Listen to the full podcast here or via the embedded player below:

Cubs Talk Podcast

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Kyle Schwarber finding his niche in Cubs' leadoff spot: 'He’s really morphed into the hitter we thought he could be'

Kyle Schwarber finding his niche in Cubs' leadoff spot: 'He’s really morphed into the hitter we thought he could be'

After two seasons alternating table setters atop their lineup, the Cubs may finally have found a consistent leadoff hitter in Kyle Schwarber.

“It’s one of those things you have to believe it to see it,” Cubs manager Joe Maddon said before Friday’s game against the Reds. “And sometimes there’s other folks that have to see it to believe it. I just thought it was the right time.”

Schwarber started his 11th-straight game on Friday, hitting leadoff in the last nine games of that stretch. Unlike his abysmal tenure leading off in 2017, though, Schwarber is getting into a groove hitting first for the Cubs this season.

In 2017, Schwarber hit leadoff 37 times; not only did he slash a woeful .190/.312/.381 with seven home runs, but he walked 24 times compared to 48 strikeouts. The Cubs went with a leadoff-man by committee approach the rest of the season, as 10 other players hit leadoff at least once.

Schwarber has flipped the script as a leadoff hitter this season. Although the sample size is small, he’s slashing .265/.372/.618, (34 at-bats) with three home runs and seven walks compared to 12 strikeouts.

“Again, I liked it back then, I did. However, he did not react to it well in that moment,” Maddon said. “But if you look at his overall abilities as they stand right now, for me, that’s the perfect spot for him, especially in our lineup.

“He’s made some adjustments recently, he’s more mature as a hitter, he’s understanding it better. All of those things are involved. I like it; I could’ve done it earlier this year, but he really wasn’t doing what he’s doing right now earlier this year.

“I think this last three weeks or so, he’s really morphed into the hitter we thought he could be.”

Schwarber certainly has been trending upwards since the calendar flipped to May. In April, he slashed .211/.282/.338 with 25 strikeouts and seven walks. While he’s hitting .224 this month, he holds a stellar .389 OBP (.837 OPS), walking 19 times compared to 21 strikeouts.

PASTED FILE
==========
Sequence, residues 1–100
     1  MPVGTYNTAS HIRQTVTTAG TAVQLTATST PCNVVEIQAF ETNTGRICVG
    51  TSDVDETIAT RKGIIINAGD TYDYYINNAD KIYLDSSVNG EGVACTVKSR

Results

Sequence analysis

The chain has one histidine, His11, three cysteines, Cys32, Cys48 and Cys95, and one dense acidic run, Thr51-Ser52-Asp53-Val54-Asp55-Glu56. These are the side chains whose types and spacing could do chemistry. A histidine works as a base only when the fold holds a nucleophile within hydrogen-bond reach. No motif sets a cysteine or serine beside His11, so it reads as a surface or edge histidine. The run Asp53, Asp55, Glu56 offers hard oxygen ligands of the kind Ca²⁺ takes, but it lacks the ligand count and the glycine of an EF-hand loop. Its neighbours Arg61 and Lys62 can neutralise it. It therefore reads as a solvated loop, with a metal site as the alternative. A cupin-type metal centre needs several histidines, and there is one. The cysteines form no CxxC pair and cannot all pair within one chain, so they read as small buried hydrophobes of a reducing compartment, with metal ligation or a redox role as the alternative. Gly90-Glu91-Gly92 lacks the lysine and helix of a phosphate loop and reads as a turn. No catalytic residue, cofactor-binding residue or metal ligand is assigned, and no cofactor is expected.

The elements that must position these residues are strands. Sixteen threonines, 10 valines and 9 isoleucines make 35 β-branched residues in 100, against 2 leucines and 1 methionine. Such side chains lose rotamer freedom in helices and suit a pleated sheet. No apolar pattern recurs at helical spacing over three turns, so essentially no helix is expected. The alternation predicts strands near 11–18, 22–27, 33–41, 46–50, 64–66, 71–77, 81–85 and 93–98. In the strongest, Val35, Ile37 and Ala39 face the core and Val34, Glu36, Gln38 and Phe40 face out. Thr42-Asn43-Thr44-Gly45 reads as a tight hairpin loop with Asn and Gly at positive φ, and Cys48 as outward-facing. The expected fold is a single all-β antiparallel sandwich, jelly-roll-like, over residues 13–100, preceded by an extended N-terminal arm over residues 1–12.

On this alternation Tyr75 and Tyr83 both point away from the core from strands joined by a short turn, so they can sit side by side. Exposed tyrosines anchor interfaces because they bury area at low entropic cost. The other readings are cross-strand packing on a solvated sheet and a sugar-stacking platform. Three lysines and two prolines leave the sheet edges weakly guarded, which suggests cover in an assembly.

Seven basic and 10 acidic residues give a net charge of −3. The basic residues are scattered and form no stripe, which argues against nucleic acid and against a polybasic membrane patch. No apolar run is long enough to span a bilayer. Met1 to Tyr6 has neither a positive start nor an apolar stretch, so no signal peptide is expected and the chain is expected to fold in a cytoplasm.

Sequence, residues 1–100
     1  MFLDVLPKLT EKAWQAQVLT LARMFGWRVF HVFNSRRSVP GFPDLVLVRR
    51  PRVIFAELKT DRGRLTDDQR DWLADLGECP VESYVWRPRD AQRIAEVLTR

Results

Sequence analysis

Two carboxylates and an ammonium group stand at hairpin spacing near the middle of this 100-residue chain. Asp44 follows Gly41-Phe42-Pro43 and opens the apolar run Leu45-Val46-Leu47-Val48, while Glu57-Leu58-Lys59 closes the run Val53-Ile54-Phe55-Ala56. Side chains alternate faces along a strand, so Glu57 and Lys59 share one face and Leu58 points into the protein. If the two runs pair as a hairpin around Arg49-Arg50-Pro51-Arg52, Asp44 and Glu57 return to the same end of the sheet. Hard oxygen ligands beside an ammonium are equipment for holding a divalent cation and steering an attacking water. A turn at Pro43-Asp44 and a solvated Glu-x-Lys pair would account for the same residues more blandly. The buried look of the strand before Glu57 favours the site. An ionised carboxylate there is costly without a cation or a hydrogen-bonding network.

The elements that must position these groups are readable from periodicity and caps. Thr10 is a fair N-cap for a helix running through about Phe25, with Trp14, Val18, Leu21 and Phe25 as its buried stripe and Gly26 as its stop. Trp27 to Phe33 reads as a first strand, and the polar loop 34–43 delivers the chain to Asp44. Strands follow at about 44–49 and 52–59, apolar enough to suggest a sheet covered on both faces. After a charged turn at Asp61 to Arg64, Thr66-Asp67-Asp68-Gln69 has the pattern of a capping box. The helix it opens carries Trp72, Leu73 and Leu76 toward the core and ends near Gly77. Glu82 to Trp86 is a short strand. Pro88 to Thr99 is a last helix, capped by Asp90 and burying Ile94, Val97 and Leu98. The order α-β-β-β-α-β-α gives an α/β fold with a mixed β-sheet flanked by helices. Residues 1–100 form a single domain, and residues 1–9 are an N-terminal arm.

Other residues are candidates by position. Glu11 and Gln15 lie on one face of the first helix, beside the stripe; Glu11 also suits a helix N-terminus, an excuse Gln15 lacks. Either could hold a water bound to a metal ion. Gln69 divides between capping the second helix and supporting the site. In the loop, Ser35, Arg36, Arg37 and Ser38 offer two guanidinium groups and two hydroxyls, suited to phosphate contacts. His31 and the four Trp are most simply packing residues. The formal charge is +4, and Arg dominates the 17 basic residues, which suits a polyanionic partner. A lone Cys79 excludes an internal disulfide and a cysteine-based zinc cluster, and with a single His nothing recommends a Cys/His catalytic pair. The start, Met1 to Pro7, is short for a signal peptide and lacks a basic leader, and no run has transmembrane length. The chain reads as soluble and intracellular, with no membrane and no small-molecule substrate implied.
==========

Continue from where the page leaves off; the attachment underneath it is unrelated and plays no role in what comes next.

“There’s things that he’s doing right now that are permitting him to be more consistent,” Maddon said. “Like the other day, that first at-bat walk against [Max] Scherzer in what was such a big at-bat. There was like four pitches all over the place and he didn’t swing.”

Schwarber walked in both of his at-bats against Scherzer on May 17 on a combined 10 pitches. He took four pitches out of the zone the first time around and four more the second at-bat. On the latter instance, the only strikes came on foul balls.

All of this is not to say that the days of Schwarber hitting for power are over. He has four home runs in May, three of which have come in the leadoff spot. And while RBI chances aren’t as prevalent for leadoff hitters, Maddon mentioned how Schwarber has room to grow.

“To this point, he hasn’t really been the RBI guy that you might envision. He’s been more the table setter,” he said. “I think as he learns his craft better, of course he can drive in runs more consistently.

"He’s on the verge of doing that right now. The benefit has been for him to set the table more than cleaning it up to this point, but I think he has the abilities to do both.”

Following the Cubs’ 6-5 loss to the Reds on Friday, Maddon reiterated his confidence in his latest No. 1 hitter. Schwarber went 1-for-4 with a home run, a walk and a strikeout.

“I like his at-bats right now in general,” he said. “That’s kind of why I did what I did, because I think that it’s become a more mature at-bat and the more the stays up there, the more comfortable he’s going to get.”